Everything is teachable – Platform play in education

A closer look at the Airbnb of education

teachable” is an online education platform that gives talented individuals (experts/ teachers) the chance to generate income by creating online courses for interested learners across the globe. Founded in 2013 by Ankur Nagpal, teachable currently has 23 million students across 257,000 courses, with 83,000 paying customers on the platform. The business model is based on subscription fees that experts pay to host courses (between $29 and $399 monthly, depending on the payment plan) as well as a commission on the tuition fee of the course (5% for the 29$ plan holder, 0% for the rest). Some examples of courses available on teachable include, “Beginning Gardener fundamentals”, “How to start blacksmithing”, “Building Dashboards with Google Sheets” or “Crush my mortgage”.

 

As the graphic below illustrates, teachable creates value at multiple levels:

Value Creation of teachable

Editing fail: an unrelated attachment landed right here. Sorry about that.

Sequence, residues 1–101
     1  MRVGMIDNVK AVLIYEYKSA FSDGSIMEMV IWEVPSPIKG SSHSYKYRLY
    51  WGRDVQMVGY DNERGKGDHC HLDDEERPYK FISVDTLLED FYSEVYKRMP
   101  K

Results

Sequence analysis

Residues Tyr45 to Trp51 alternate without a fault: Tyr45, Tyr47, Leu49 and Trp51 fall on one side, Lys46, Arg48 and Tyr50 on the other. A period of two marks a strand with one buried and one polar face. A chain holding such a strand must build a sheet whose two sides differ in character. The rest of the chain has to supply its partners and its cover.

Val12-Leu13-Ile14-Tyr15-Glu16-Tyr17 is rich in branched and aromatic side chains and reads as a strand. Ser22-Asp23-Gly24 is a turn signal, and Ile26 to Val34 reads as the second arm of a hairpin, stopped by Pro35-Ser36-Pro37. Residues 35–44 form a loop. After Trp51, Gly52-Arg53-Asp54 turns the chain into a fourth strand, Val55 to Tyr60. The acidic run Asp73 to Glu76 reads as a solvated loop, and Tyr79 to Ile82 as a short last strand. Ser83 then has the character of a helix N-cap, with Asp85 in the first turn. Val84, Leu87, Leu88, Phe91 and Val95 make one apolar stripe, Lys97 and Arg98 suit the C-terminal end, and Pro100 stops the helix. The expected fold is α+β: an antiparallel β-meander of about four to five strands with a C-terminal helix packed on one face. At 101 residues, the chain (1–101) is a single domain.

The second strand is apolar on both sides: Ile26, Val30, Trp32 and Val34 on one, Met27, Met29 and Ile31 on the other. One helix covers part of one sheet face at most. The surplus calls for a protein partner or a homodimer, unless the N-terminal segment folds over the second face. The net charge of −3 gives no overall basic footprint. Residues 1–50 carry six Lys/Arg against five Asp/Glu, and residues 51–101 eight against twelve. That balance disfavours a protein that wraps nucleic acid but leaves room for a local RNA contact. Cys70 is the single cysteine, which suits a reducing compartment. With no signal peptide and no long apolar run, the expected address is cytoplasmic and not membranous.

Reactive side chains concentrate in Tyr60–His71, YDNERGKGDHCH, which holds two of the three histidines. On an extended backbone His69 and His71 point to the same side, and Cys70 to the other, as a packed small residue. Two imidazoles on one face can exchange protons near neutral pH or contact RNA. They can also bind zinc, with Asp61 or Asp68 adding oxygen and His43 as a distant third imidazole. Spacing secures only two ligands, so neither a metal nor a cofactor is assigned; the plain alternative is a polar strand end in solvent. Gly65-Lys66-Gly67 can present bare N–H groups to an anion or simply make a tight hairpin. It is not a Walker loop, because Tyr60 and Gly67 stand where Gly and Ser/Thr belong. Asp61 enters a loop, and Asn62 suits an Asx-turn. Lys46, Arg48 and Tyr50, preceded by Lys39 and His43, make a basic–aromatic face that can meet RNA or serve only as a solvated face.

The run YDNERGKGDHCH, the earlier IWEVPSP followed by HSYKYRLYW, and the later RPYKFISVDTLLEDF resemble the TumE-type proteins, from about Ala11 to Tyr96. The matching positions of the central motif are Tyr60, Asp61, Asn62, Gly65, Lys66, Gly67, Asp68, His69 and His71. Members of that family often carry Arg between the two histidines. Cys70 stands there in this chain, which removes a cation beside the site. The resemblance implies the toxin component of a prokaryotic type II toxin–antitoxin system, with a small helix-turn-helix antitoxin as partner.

• Learning Management System (LMS)

Teachable provides an easy-to-use LMS to experts, who want to create an online course themselves. The LMS includes functionalities such as video-inclusion/ picture inclusion, text/ assignments creation (both self-graded and manually graded incl. code-correction) etc.. The finished course is then hosted on the LMS and, after the expert has set the price-point for the course (typically ranging between US$50 – US$300), students can enroll into the program. Notable here is that each course becomes its own website with its own URL, so that the expert can market the course independently.

Teachable LMS

  • Marketing support & discoverability of courses

Next to the provision of the LMS and the hosting of the courses website, teachable also helps experts market their courses by providing free courses and advice on how to best create SEO-optimized landing pages for the courses and how to market courses on facebook, google and other social media such as Instagram. Next to the individual marketing that experts do for their courses, teachable also make courses available on the discover.teachable.com. Along with the marketing advisory and discoverability, teachable also provides an analytics dashboard to its experts to track progress on student outcomes and enrollments.

Analytics dashboard

  • Payment platform & collection

Lastly, teachable provides experts with the ability to collect tuition fees for their courses, which are then distributed to the experts on a daily basis, after teachable cut their respective provision (0% or 5% depending on the paid plan chosen by the expert). Teachable allows for domestic and international payment collection.